Play: what’s time got to do with it?

flex + tease

The relationship with time is part of everyday life in early childhood practice but is seldom made explicit. My ‘Slow knowledge and the unhurried child’ research study, funded by the Froebel Trust, seeks to explore what a slow pedagogy might look like where there is room to consider the time, pace and rhythm of early childhood practice (see Clark, 2020).

The study includes interviews with participants from 11 countries and a focus group with early childhood practitioners from Scotland and England:

Thinking about play is central to reconsidering the relationship with time for young children.  Drawing on the characteristics of Froebelian informed play, as described by Tina Bruce, I have chosen three of the twelve characteristics here to begin to make explicit some of the many strands in the relationship between play and time.


              1. Free flow play actively uses direct, first -hand experiences, which draw on the child’s powerful inner drive to struggle, manipulate materials, explore, discover and practise over and over again.

This characteristic acknowledges that children in self-directed play may return repeatedly to the same ideas, stories and tasks they have set themselves to practice. Practitioners who took part in a focus group to discuss the initial findings of my study commented on how even after several months of being at home due to the pandemic some children returned to play they had been absorbed in before lockdown. It raises the question, is such play seen as a problem and ‘time to move on’ or is revisiting play supported and valued?

             3. Play is an active process without an end product. When the play fades, so does its tangibility. It can never again be replayed in exactly the same way. It is of the moment and vanishes when the play episode ends. This aids flexibility of thought and the adaptability central to the intellectual life of the child.

The open-ended nature of play makes it difficult to pin down, which is one of the reasons play can be a challenge to an educational system that emphasises measurement and testing. In drawing attention to these qualities Tina Bruce refers to the relationship with time again here. An open-ended process is by its nature not primarily driven by the clock. How long an episode of play will take cannot necessarily be prescribed in advance. This raises questions about how much flexibility is there to adjust routines around play and what impact do timetables have on young children’s experiences of early childhood education?

           10: Play is about wallowing in ideas, feelings and relationships and the prowess of the physical body. It helps the process of becoming aware of self in relation to others and the universe. It brings unity and interconnectedness.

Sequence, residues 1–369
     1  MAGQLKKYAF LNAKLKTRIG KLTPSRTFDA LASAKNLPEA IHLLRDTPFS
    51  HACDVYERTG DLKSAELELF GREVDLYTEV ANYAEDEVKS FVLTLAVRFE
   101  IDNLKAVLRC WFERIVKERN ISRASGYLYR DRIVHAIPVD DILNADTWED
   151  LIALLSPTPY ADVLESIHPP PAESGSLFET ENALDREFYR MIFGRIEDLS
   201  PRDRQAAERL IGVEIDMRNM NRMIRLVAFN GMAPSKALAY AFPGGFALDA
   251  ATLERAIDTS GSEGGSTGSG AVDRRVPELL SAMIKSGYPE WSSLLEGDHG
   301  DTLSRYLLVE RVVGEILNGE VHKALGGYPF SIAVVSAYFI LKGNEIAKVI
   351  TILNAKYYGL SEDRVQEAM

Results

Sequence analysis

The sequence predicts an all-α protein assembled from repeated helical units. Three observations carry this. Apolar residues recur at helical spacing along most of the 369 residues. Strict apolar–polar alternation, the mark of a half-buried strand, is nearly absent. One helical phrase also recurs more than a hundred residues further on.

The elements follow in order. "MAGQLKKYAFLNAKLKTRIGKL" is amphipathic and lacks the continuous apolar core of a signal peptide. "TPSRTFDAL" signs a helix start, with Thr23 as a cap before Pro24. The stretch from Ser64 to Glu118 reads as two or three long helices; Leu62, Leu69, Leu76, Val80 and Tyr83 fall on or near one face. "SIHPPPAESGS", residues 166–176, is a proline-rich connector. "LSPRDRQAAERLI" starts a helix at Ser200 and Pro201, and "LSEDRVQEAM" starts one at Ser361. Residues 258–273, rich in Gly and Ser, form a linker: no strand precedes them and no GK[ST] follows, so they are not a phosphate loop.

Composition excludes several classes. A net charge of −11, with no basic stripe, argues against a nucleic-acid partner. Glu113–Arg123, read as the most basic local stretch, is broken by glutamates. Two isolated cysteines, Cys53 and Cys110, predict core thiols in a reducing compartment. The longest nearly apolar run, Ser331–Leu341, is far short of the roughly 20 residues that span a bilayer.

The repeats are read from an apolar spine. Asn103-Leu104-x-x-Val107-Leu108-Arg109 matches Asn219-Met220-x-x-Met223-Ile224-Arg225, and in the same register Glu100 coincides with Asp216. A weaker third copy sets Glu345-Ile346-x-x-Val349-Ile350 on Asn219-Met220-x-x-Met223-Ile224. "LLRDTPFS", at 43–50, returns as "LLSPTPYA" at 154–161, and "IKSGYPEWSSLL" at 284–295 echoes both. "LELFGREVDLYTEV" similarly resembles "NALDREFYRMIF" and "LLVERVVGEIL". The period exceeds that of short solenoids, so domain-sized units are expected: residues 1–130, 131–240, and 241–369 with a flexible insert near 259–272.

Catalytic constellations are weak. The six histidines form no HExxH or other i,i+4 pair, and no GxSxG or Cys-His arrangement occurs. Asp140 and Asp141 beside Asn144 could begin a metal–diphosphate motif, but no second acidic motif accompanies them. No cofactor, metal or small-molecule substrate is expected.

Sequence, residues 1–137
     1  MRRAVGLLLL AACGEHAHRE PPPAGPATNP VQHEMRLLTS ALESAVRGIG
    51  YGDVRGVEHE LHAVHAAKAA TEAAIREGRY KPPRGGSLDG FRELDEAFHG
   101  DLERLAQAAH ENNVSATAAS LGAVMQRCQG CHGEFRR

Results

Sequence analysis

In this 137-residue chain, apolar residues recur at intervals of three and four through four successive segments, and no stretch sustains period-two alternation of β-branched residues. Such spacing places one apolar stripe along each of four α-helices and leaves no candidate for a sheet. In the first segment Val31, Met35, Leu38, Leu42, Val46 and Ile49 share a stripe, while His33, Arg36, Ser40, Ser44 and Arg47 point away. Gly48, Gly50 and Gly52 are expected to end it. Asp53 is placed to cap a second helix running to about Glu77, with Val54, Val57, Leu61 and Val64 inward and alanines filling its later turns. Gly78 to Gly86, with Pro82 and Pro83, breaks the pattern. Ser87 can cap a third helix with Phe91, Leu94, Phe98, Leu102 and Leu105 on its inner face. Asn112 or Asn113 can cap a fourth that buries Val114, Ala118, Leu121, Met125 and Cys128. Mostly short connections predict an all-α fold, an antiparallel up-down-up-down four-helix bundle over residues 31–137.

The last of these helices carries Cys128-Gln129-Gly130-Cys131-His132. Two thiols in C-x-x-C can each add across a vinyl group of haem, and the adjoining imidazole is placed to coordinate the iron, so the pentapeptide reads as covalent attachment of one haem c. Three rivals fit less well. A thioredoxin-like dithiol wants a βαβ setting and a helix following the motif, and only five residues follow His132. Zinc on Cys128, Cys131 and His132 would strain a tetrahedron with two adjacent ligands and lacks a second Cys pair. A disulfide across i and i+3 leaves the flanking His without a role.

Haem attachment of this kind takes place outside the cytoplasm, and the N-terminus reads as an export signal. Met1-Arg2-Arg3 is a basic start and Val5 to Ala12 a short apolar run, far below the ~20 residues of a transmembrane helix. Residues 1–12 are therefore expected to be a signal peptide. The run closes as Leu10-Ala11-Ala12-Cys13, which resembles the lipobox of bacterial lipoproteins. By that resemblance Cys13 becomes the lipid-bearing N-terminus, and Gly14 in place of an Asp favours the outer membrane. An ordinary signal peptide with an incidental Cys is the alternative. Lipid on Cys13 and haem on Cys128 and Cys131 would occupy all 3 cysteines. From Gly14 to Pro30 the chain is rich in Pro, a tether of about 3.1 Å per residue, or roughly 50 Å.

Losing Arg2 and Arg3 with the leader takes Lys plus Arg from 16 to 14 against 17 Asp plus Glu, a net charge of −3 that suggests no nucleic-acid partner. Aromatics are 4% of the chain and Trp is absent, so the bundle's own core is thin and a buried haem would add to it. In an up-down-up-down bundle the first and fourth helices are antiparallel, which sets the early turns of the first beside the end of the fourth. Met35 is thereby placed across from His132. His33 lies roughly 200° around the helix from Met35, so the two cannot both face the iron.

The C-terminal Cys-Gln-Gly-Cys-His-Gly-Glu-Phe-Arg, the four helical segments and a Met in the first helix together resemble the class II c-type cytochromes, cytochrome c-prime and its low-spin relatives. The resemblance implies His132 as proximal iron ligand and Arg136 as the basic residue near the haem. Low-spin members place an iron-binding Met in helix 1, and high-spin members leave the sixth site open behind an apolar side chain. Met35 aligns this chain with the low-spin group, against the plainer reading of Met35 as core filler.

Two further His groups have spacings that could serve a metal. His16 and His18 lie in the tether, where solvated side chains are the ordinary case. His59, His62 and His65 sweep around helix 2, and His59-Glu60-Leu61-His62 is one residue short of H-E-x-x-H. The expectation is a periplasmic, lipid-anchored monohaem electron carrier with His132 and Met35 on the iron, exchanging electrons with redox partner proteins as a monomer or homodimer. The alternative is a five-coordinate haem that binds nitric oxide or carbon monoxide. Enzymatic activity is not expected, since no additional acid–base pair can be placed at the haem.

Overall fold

The choice of the word ‘wallowing’ suggests taking your time. These are not rushed activities dominated by clock time but where immersion is made possible. There is also a sense of enjoyment. Perhaps this is why the word might seem provocative in a professional context. Maybe it is the case in some early childhood environments that the pressures to be seen to perform and to be busy have squeezed out a sense of fun?


There are many layers to explore about the complex relationship between play, time and Froebelian principles. The open-ended nature of play contains a risk for educational systems that focus on obtaining fixed results and strive for certainty. As Gert Biesta describes, we are living in ‘impatient times in which we constantly get the message that instant gratification of our desires is possible and that is good. The call to make education strong, secure, predictable and risk-free is an expression of this impatience’(2013: 3).

Slow practices, of which play is central, run counter to this impatience and value the present moment as well as young children’s relationships with the past and future.

Author: Professor Alison Clark, University of South-Eastern Norway



Bruce, T. 2020. Twelve features characterising a Froebelian approach to childhood play. Froebel Trust. Available at:[ Accessed 23 August 2021].

Biesta, G.J.J.  The beautiful risk of education. London: Paradigm Publishers.

Clark, A., 2020. Towards a listening ECEC system: valuing slow pedagogy and slow knowledge’. In: P. Moss and C. Cameron, ed., Transforming early childhood in england. [online] London: UCL Press. Available at: [Accessed 23 August 2021].